PE led approaches to the study of digital media again fall into several distinct areas which approach the production of digital media from disparate areas. While Marxist approaches are again often central, there exist an additional series of approaches which consider the ways in which production of digital media, and of digital commodities in general depart in certain respects from other modes of information access and distribution.
Some of the early approaches to new/digital media focused upon the ways that the increasingly widespread distribution of networked computers afforded a mode of access which was a radical departure. Previously media had been dominated by broadcast technologies and mass media generally, whereby a very small volume of individuals were entrenched within a privileged position as content creators, and were able to broadcast mediated content from centres out to the millions of citizens who could only receive media. Mass media, then can be understood as both a one-to-many model of communication as well as a one way model, as only those who work in broadcasting can produce media, whilst the vast majority of citizens can only receive information. Such a one-to-many system of communications corresponds to the model of a centralised network.
By contrast, the Internet heralded the arrival of an alternative model, in which any network user was able to connect to any other network user(s), and was able to both send and receive mediated communications. Rather than being a one-to-many mode of communication, the Internet allowed one-to-one, one-to-many and many-to-many forms of discourse, taking the form of a distributed network. Additionally the hierarchical restrictions to access had seemingly tumbled down, with any citizen who possessed a computer, modem and internet connection able to produce mediated content. This led to a wave of early Internet scholarship which saw the Internet as a technology which contained a vast democratising potential, realising some of the formal elements discussed by socialist theorists of media such as Bertold Brecht (1932) and Hans-Magnus Enzensburger (1970) as necessary preconditions for the formation of a democratic and participatory media and culture, negating the criticisms made by Jurgen Habermas (1991) which posit the media as a fundamentally anti-democratic mode of communication which turned active citizens into passive consumers.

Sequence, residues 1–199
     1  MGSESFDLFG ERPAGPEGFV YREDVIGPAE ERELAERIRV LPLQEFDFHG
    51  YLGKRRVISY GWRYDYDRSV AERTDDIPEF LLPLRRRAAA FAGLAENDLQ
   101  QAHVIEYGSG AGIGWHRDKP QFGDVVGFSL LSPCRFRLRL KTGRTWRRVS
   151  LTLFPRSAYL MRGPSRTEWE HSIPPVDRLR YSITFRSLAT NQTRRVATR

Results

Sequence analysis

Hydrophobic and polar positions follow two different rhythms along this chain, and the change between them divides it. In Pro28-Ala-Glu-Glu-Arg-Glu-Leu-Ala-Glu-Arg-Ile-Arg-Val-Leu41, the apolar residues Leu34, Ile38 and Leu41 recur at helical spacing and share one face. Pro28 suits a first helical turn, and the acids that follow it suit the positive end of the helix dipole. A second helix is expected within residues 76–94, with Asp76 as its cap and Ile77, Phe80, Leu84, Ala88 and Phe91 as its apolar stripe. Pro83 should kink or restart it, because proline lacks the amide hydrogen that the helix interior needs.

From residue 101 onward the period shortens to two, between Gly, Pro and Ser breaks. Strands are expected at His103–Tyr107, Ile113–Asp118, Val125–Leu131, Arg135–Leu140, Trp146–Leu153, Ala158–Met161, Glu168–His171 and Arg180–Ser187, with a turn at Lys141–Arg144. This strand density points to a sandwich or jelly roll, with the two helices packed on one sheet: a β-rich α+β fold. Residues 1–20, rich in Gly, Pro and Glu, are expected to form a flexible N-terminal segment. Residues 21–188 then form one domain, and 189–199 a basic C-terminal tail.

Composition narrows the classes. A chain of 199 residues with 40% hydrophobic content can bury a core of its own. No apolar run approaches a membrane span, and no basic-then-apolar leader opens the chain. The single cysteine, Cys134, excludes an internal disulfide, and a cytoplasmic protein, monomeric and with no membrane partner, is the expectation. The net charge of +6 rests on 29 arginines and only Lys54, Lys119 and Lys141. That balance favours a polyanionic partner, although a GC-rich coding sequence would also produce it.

Whereas mass media representation reinforced and re-inscribed the structures of representative democracies, whereby an economic and political elite who have access to the means of media production and distribution are able to disproportionately influence the majority of the populace by means of their wealth (of both power and capital), networked electronic media allegedly creates structures predicated upon non-hierarchical interactions.
Such claims have been tempered, however, by the realisation that while contemporary media technologies have greatly increased the ability of certain previously marginalised groups to effectively communicate their concerns and participate in mediated discourse, the material reality of information technology commodities within the network society, has not seen social inequalities diminish and democratic participation increase. The digital divide exists as one of many divides between the haves and have-nots in contemporary society alongside divisions in wealth, education, health care, and technical expertise. Expecting the introduction of digital communications platforms to enact a process whereby these inequalities simply dissipate in the face of the deterministic properties of new technology is a utopian fantasy. As Espen Aarseth (1997:67) reminds us: